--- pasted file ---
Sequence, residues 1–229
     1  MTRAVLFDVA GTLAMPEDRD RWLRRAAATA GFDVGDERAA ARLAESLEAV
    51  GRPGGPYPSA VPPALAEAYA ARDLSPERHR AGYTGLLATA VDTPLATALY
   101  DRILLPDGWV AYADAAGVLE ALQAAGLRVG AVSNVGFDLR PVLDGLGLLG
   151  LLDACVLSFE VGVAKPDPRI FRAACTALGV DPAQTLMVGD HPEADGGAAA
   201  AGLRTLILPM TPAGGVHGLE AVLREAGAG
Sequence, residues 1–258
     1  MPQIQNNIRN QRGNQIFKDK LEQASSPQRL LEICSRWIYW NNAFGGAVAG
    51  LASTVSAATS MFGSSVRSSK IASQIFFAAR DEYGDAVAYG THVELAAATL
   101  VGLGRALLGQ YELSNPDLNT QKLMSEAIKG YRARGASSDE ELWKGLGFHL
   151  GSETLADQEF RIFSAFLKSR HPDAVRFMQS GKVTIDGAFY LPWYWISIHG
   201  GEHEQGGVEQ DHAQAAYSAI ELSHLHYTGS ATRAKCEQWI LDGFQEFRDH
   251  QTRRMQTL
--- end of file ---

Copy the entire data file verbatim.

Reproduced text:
Sequence, residues 1–229
     1  MTRAVLFDVA GTLAMPEDRD RWLRRAAATA GFDVGDERAA ARLAESLEAV
    51  GRPGGPYPSA VPPALAEAYA ARDLSPERHR AGYTGLLATA VDTPLATALY
   101  DRILLPDGWV AYADAAGVLE ALQAAGLRVG AVSNVGFDLR PVLDGLGLLG
   151  LLDACVLSFE VGVAKPDPRI FRAACTALGV DPAQTLMVGD HPEADGGAAA
   201  AGLRTLILPM TPAGGVHGLE AVLREAGAG
Sequence, residues 1–258
     1  MPQIQNNIRN QRGNQIFKDK LEQASSPQRL LEICSRWIYW NNAFGGAVAG
    51  LASTVSAATS MFGSSVRSSK IASQIFFAAR DEYGDAVAYG THVELAAATL
   101  VGLGRALLGQ YELSNPDLNT QKLMSEAIKG YRARGASSDE ELWKGLGFHL
   151  GSETLADQEF RIFSAFLKSR HPDAVRFMQS GKVTIDGAFY LPWYWISIHG
   201  GEHEQGGVEQ DHAQAAYSAI ELSHLHYTGS ATRAKCEQWI LDGFQEFRDH
   251  QTRRMQTL